Land records in Uganda go back to the 1900 Buganda Agreement, which distributed land in Buganda.
According to a paper published by the Director of Land Management at Ministry of Lands, Sarah Kulata, the country’s chief surveyor arrived in 1901 after the signing of 1900 Buganda Agreement.
In Buganda, following the Buganda mailo survey in July 1904, provisional and final land certificates were provided to all people in Buganda who were allocated land.
The first land titles were made in 1908 and distributed by Governor Sir Hesketh Bell on January 2, 1909, when the provisional and final land certificates became Uganda’s first land records.
Data provided by the Uganda Land Use Policy indicates that the total surface area of Uganda is about 241,500 km2, of which 194,000 km2 is land, and the rest is open water and wetlands.
The volume of land in Uganda covers 241,040 square kilometres with only 197,100 square kilometres of physical land.
A report by Land links indicate that most rural people have rights to their land through customary tenure arrangements (representing 75 per cent to 80 per cent of landholdings).
Only 15 per cent to 20 per cent of the land is formally registered.
Freehold land tenure
Freehold land tenure system is not any different from the mailo system. This kind of land tenure system is found in many parts of the country.
Experts say, it is free land as the name suggests. It’s free from any kind of claim forever. The owner can sell or give it out as they wish, it is always registered and the owner has a duplicate certificate of title while the original is in the land office. The official explains.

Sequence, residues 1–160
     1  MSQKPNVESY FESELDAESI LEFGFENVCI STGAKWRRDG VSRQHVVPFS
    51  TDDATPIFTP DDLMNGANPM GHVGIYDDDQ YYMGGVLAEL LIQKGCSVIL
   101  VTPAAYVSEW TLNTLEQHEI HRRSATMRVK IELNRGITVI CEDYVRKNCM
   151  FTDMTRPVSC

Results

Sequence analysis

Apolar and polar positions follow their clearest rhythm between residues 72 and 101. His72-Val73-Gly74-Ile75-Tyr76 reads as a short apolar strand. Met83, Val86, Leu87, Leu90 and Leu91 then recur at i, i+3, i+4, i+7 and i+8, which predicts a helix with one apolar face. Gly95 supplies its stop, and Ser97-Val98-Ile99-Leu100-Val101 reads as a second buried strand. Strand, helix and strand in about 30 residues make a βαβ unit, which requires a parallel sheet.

If you want to find out information about this land, you get its particulars and go to the lands office to conduct a search by looking at the original title.
The customary land holding depends on the community how they deal with land. Some communities have their customary rules of handling the land.
In some of the customary systems, land is owned communally.
Some may own land communally, others individually but it cuts across the entire country. In northern Uganda, land is mainly owned communally and here in central, we have the kibanjja ownership.
However, Nassolo says, the major limitation regarding agreements is the inability to read and write the official language, that is English.
So people struggle to draft the document and state the terms: the parties involved; considerations; terms of payment and acknowledgement.
So, they settle for ordinary documents, which they don’t register because they cannot afford the services of lawyers.
Yet for a document to be considered in courts of law, Nassolo asserts, it must be registered.
But what is the least a lawyer can charge for such work?
It depends on the value of the land. For instance, Nassolo says, if the land is valued at Shs4m, an advocate can ask for Shs300,000, or more.